Sunday 28th August, at 2.00 pm. Walking through Midleton in 1916. Meet at Midleton Library for this Walking Tour.

Other events in the Midleton area:-

Castlemartyr: Saturday 20th August, at 8.00 pm: John Saul, Horticulturist, from Castlemartyr to the White House. A public lecture by Conor Neligan, County Heritage Officer. Venue: Castlemartyr National School.

Cloyne: Saturday 20th August, 11.00 am to 4.30 pm: Discover Cloyne Cathedral. Including tours and guided visits. Venue: Cloyne Cathedral, Cloyne.

For further events in East Cork and elsewhere please consult:http://www.heritageweek.ie/whats-on

Cork’s Lifelong Learning Festival 2016 Expands to Midleton

Lifelong Festival

The annual Cork Lifelong Learning Festival has expanded beyond the city in 2016. One of the venues this year is Midleton!

As part of the Festival, on Saturday 16th April, a free historical walking tour will be conducted by yours truly, meeting at the Courthouse at 12.00 noon.

The tour will go from the Courthouse to Distillery Walk, with brief side trips up Chapel Lane and Connolly Street. This tour aims to introduce people to the history of Midleton through its buildings.  The tour will last an hour. So, if you are participating in the festival’s events,  do come along and join us! Open to young and old alike!  This year’s festival runs from Monday 11th April to Sunday 17th April. And yes, the tour is free! And you can join us at any stage!

Let’s hope the weather gods are kind on that day!

http://www.corkcity.ie/services/corporateandexternalaffairs/learningfestival2016/

A funeral, culture, history and football…a busy weekend in September.

Thomas (left) and David Kent under escort to Fermoy Military Barracks in 1916. Thomas was executed in Cork on 9th May, but David was taken to Dublin and tried there. He was sentenced to five years of penal servitude.

Thomas (left) and David (right) Kent crossing Fermoy Bridge under miltiary and police escort to Fermoy Military Barracks in 1916. Thomas was executed in Cork on 9th May, but David was taken to Dublin and tried there. He was sentenced to five years of penal servitude. Thomas will finally be buried in the family grave in Castlelyons on 18th September 2015.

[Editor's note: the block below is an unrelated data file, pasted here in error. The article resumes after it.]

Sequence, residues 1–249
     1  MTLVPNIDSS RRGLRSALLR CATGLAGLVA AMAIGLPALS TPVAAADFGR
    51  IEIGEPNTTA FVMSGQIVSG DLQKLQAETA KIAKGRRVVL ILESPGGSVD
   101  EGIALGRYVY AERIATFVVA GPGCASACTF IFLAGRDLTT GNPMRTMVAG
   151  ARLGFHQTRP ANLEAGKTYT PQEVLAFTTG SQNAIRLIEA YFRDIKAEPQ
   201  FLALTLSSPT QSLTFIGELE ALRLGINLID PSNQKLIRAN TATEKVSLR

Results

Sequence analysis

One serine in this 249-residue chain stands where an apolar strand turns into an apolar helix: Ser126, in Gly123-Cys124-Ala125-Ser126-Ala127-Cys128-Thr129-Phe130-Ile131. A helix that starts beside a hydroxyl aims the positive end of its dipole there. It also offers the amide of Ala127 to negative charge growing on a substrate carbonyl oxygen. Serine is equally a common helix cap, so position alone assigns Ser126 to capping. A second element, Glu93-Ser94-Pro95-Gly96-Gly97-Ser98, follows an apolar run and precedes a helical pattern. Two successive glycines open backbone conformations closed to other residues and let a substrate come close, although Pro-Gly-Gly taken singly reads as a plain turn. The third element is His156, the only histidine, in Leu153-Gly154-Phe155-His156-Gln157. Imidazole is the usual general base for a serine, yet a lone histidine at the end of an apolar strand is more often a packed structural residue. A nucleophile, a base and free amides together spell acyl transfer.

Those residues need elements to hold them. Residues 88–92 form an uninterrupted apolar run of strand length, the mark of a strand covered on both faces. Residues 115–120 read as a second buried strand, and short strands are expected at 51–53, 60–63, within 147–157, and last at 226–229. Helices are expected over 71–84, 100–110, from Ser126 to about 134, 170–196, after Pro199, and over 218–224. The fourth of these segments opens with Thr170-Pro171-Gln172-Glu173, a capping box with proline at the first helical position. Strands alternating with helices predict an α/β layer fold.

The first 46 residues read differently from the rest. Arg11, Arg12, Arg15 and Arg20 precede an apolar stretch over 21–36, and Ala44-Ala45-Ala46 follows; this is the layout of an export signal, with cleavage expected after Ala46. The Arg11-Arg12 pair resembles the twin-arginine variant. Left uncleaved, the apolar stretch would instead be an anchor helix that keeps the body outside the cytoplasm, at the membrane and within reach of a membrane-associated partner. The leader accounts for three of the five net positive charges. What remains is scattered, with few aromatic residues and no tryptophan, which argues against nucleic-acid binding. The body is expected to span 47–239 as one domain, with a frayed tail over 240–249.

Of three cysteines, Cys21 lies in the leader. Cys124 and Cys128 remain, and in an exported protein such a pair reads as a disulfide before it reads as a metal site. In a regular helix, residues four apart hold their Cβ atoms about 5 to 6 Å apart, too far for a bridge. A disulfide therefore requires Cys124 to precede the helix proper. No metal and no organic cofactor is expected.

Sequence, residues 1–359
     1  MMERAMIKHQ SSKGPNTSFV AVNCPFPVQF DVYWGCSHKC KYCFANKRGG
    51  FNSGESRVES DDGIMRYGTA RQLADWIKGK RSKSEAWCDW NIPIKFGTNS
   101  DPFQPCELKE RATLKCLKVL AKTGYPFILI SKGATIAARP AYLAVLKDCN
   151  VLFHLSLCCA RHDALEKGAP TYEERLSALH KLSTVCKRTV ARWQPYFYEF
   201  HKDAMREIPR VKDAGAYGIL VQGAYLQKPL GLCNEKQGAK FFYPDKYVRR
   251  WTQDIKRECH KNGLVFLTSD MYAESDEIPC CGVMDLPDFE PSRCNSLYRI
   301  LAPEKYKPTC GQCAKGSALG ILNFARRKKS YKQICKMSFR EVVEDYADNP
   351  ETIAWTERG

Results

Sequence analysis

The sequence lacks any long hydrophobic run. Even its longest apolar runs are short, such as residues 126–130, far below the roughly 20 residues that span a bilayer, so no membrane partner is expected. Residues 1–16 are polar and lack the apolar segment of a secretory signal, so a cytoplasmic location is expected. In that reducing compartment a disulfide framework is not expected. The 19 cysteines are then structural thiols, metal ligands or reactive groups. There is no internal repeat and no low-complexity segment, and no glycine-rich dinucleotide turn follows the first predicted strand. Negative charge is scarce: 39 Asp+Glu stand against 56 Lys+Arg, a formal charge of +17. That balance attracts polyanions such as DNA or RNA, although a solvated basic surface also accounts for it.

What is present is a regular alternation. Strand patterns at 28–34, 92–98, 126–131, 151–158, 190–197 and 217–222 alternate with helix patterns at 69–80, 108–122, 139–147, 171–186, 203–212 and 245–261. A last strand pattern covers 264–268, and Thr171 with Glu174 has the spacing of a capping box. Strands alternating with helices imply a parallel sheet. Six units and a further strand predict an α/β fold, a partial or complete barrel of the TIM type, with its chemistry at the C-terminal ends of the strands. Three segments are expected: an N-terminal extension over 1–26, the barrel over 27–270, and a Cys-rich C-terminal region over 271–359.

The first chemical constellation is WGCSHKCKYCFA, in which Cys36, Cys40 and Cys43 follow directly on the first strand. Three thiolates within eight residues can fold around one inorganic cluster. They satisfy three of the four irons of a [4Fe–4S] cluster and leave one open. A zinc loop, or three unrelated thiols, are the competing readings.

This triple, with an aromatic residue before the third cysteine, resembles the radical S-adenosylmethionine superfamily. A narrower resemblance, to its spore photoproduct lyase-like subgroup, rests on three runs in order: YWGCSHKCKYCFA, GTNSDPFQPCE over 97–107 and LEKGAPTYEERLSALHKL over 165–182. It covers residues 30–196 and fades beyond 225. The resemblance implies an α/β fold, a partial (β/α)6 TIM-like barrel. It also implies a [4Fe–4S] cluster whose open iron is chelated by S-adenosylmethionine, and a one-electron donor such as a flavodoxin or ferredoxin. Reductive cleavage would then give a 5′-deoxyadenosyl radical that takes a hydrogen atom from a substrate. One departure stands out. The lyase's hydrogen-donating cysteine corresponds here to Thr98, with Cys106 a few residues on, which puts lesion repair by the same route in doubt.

Tomorrow, Friday 18 September, sees the State Funeral of the ‘forgotten man’ of 1916. Thomas Kent of Bawnard, Castlelyons, County Cork, was executed a few days after his violent arrest, following a court marital in Victoria Barracks, Cork.This happened in the wake of the 1916 Easter Rising when the authorities were nervous that there might be further disturbances. Ninety-nine years after his execution, Kent’s remains were exhumed from the yard of Cork Prison, the former military prison, where he had been buried in accordance with British law. The government offered his family a State Funeral to honour him, but also, one suspects, to make up for decades of official refusal to exhume his remains. The funeral, in a way, will mark the beginning of the official commemoration of the 1916 Rebellion.

Midleton Endowed School was founded by Elizabeth Villiers Countess of Orkney in 1696. However the main building (on the right) wasn't completed until 1717 under the direction of Thomas Brodrick of Midleton. The wing on the left was added in the 19th century.

Midleton Endowed School was founded by Elizabeth Villiers Countess of Orkney in 1696. However the main building (on the right) wasn’t completed until 1717 under the direction of Thomas Brodrick of Midleton. The wing on the left was added in the 19th century.